What Will Star in Apple's Big Show?
May 30, 2012 5:00 AM PT
Apple has released its schedule for its upcoming Worldwide Developers Conference (WWDC), which will take place in San Francisco next month. The event kicks off with a keynote address on Monday, June 11.
The conference is an opportunity for developers to attend workshops and discuss the future of building for iOS and OS X, but in years past it's also been the stage for major company announcements. Apple didn't divulge who will address the crowd for the keynote, but in the past it's traditionally been the CEO. Last year, Steve Jobs addressed the crowd -- despite being on medical leave -- to reveal the iCloud service. The year before that, he introduced the world to the iPhone 4 at WWDC.
Along with the schedule, Apple also released a free iOS app that will allow attendees -- many of whom who shelled out $1,599 to go -- to plan their schedule and keep track of conference events.
It's unknown whether the 2012 keynote will be the source of any major hardware announcements. A new MacBook Pro is widely expected to make an appearance. Supply chain rumors from Foxconn indicate that the factory has begun taking orders for an Apple television set in its trial stage. But the company has kept a cautious approach to the television market, Andrew Ladbrook, senior analyst at Informa, told MacNewsWorld. It's likely not looking to make waves with any announcements about a set next month, he said.
"Apple seems to be at least content with its current product," he told MacNewsWorld. "Instead, its slow approach with Apple TV allows for it to improve the device in the real world and make it so they will have a quality service when and if they launch a TV set."
The company didn't respond to our requests for comment.
Fresh Outlook for Apps
Although some editions of the iPhone made their public debut at WWDCs in years past, the most recent model wasn't released until last fall, meaning the arrival of a new iPhone at WWDC 2012 also seems unlikely. Where developers can probably expect to see big changes, though, is in software, said Brian Collins, account executive at Appency.
"It's a pretty safe bet that there's going to be a Mountain Lion OS launch, and we're pretty sure we're going to see iOS 6," he told MacNewsWorld.
iOS 6 would be the next version of Apple's operating system and would probably power the next-generation iPhone. OS X 10.8, or Mountain Lion, is Apple's next-generation desktop operating system, also expected to launch soon.
The OS upgrades are expected, but where Apple could surprise some developers would be with an overhaul for iTunes and the App Store, said Collins. The online market started as a spot for iTunes users to download songs but has since had to become a thriving store for customers searching for songs, podcasts, apps, TV shows, movies and books to be used through a variety of devices.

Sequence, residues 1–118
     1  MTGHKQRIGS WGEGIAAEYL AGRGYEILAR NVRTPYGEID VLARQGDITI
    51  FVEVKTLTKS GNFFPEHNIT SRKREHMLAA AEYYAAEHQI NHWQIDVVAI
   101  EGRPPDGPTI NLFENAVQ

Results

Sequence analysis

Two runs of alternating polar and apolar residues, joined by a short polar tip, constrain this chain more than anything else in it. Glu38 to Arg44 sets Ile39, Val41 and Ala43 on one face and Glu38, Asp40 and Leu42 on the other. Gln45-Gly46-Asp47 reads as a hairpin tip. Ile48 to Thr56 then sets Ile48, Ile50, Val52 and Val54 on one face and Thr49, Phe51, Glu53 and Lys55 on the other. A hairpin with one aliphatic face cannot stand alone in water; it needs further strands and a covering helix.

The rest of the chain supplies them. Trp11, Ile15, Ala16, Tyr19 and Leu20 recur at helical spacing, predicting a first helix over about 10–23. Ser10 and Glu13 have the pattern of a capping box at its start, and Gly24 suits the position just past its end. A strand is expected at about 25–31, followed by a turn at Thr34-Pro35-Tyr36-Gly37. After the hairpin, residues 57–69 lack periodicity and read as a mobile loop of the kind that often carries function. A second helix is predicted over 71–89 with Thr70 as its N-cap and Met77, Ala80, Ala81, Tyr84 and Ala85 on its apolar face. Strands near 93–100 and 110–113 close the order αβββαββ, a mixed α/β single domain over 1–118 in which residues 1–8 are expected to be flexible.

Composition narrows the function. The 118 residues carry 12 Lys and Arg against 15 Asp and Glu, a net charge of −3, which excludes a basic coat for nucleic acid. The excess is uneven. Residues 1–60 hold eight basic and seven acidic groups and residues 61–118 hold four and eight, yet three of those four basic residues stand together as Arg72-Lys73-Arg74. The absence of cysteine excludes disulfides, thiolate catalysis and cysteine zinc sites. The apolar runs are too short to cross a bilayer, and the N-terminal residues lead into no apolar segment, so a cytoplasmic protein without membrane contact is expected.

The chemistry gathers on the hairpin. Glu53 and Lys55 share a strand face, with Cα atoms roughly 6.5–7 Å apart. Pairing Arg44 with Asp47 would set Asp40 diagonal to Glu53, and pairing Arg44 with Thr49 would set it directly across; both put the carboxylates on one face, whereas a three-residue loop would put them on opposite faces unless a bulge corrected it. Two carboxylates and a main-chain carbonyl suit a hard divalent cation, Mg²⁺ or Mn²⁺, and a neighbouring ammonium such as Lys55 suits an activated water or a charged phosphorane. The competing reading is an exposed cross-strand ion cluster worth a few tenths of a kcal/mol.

"The App Store is kind of like this dark abyss hole," Collins said. "There's a lot of talk about how they need to have better ways for people to find what they're looking for, better ways of promoting apps and turning it into more of an actual store. There are 650,000 apps in there, and there have been almost 800,000 total, so when you're looking at such a large number ,you have to believe that eventually they're going to have to make a change."
An overhaul could make the store better suited for online commerce by making more retail-oriented moves, said Collins, such as making search easier, having personal recommendations similar to what a site like Amazon does, and by having positions at the corporate level of Apple be more like app buyers at a retail level, rather than app editors.
Like any transition, that might be one that would take some getting used to on the developer side.
"The good news for developers is that it would be easier for them to find stuff," said Collins. "But the bad news is that we've all gotten used to the old one. But developers love what Apple has to offer, and anything like WWDC that helps make Apple's process more transparent definitely helps developers and is something to look forward to."
Mapping Away From Google
One change expected as iOS 6 launches is a 3D mapping feature. Apple has traditionally used Google Maps to power its navigational services, but the company has made recent acquisitions that suggest it's interested in creating its own in-house version of Maps for the iPhone and iPad. Apple's version will have a 3D option, according to information from BGR. Pictures that BGR obtained show a grainy, 3D version of downtown New York City where buildings pop.
"Is this in huge demand?" Collins asked. "Probably not, but that being said, people weren't demanding a phone that also played music and gave you apps. Apple tends to look at what is in demand, and they're also very good at pushing boundaries and telling people what they want and need."
While the company puts a heavy emphasis on design, it's probably just as interested in moving away from Google as it is in making its maps 3D.
"This is probably one of those things where Apple doesn't enjoy that Google is even on their platform," he said. "This is a way for them to be able to step out and create their own map consistent across its platform," said Collins.